Friday, January 30, 2009

Was Marcelo Lucero the Tip of the Iceberg?

On Wednesday Suffolk County prosecutors announced even more charges against the seven teens accused of beating and killing Ecuadorian immigrant Marcelo Lucero. The accused, Jeffrey Conroy (17, the principle defendant who is accused of plunging a knife into Lucero's chest as his friends beat the victim), Christopher Overton (16), Jose Pacheco (17), Kevin Shea (17), Nicholas Hausch (17), Jordan Dasch (17), and Anthony Hartford (17) face more charges in connection with incidents in which Latino men were beaten unconscious and robbed, beaten with a pipe while being told he would be killed, and held down while being slashed with a knife. Prosecutors say that the teens went on violent sprees that targeted Latinos for 13 months before the Lucero killing.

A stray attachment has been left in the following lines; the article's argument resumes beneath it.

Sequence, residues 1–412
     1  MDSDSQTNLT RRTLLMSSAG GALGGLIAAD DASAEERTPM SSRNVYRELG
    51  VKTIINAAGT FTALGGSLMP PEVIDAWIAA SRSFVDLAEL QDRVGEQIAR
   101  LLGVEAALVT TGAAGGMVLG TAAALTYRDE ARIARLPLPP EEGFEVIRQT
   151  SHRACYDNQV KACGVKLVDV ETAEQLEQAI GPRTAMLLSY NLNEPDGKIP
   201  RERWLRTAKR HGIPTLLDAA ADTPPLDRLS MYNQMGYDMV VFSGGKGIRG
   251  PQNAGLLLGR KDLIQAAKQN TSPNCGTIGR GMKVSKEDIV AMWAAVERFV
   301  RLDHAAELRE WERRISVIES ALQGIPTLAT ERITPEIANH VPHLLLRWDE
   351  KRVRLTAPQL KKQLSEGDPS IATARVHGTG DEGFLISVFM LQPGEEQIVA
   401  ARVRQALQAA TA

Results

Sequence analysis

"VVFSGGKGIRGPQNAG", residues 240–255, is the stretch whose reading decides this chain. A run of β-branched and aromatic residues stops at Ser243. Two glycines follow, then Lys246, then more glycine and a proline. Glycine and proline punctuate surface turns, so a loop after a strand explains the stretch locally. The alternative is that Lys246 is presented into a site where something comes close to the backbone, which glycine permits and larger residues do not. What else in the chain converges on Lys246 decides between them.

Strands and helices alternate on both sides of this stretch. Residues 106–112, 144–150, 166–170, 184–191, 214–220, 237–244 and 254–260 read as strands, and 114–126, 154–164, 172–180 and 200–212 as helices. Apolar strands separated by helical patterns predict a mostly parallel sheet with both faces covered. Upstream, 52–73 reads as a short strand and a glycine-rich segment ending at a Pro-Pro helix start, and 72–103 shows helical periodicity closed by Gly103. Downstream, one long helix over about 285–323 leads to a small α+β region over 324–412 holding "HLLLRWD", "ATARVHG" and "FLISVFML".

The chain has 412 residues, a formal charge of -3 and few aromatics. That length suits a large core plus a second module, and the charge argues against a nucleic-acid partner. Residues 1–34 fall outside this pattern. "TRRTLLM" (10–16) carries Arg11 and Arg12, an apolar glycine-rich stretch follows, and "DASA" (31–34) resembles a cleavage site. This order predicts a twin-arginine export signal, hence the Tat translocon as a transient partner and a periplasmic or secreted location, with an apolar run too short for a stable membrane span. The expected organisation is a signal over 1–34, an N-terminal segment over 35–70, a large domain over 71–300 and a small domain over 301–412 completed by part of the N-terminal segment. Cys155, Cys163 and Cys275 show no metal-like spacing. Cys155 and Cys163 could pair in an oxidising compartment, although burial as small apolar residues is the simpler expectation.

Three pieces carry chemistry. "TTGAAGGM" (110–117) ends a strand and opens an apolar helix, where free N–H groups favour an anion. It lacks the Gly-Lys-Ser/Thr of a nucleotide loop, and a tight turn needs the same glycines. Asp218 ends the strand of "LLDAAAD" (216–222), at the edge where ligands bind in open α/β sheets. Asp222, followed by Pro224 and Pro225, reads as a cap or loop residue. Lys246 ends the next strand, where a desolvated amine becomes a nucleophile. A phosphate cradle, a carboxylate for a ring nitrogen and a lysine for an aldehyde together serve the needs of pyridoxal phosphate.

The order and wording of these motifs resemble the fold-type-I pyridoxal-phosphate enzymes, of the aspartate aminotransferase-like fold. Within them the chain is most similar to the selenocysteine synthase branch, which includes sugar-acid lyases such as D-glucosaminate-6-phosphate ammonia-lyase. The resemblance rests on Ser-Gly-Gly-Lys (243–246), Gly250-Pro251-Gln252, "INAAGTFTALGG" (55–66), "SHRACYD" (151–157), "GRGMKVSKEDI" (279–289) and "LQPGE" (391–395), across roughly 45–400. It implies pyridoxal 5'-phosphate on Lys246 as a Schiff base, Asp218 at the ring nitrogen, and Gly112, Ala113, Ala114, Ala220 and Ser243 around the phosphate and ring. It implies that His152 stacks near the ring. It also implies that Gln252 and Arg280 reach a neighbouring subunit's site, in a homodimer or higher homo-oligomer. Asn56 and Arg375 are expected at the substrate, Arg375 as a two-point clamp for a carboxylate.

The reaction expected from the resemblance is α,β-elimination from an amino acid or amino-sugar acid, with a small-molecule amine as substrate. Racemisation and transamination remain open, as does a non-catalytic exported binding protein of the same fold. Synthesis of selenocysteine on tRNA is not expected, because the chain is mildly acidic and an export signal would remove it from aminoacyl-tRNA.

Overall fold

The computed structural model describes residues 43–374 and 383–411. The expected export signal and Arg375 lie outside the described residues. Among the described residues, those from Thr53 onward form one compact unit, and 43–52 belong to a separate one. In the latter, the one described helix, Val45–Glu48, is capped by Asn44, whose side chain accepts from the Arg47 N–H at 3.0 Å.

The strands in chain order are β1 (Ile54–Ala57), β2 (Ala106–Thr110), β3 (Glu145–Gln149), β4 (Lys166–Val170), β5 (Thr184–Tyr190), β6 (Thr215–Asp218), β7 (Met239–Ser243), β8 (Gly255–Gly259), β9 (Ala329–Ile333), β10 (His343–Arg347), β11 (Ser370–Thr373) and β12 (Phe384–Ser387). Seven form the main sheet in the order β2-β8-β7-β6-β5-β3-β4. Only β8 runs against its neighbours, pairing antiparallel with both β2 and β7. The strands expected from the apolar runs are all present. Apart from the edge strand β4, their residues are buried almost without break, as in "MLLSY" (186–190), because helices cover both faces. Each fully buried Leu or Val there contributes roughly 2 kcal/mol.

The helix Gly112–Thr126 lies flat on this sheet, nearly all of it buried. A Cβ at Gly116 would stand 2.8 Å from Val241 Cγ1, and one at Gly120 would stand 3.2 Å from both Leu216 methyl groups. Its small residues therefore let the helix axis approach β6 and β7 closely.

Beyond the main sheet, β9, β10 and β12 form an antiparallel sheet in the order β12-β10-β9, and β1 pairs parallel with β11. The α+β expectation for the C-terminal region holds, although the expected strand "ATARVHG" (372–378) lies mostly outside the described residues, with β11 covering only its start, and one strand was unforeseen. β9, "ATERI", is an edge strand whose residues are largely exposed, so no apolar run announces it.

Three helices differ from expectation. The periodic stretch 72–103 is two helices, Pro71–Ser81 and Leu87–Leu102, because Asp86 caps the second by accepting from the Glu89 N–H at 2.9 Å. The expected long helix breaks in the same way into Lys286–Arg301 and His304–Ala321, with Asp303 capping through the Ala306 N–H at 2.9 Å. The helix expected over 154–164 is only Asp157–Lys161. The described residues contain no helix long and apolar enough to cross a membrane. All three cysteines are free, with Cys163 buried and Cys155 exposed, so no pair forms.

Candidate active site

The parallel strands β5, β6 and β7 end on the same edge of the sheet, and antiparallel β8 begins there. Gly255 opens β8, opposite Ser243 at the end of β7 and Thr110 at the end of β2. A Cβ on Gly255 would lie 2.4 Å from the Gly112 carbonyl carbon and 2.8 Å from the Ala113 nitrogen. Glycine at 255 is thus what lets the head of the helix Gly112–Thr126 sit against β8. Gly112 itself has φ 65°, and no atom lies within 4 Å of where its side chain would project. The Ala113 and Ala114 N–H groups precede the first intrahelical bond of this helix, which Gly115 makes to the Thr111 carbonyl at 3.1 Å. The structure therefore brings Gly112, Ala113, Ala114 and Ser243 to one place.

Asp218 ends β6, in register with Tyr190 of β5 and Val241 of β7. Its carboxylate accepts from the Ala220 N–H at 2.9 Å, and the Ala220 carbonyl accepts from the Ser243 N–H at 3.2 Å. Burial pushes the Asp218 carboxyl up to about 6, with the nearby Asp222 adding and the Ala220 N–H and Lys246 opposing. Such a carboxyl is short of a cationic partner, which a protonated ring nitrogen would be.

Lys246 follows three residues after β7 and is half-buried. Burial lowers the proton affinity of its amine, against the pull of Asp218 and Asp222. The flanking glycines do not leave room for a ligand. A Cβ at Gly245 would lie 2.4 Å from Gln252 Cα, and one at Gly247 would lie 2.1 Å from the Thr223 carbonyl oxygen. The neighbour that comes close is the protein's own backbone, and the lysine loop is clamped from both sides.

Many questions arise from this. One of them is: were these incidents fully investigated? If this was going on for thirteen months did no one know what was going on? Some have stated that the Suffolk Police Department did not do enough when the racially-motivated attacks were reported. This could very well be true, but there is no objective way to prove this and there is no possible way to know if more intense investigations of the previous attacks would have prevented Lucero's death.  To argue one way or another may vent anger or emotions, but very little progress towards justice would be made.

One question worth investigating: who knew about this? If the police did not follow up the way they should have, they know it and have to live with that decision because in the back of their minds, they know they did not do their job. And those who knew of the "beaner hopping" of these misguided teens should feel ashamed, for if they had reported such repugnant behavior maybe Marcelo Lucero would be alive. These people know who they are.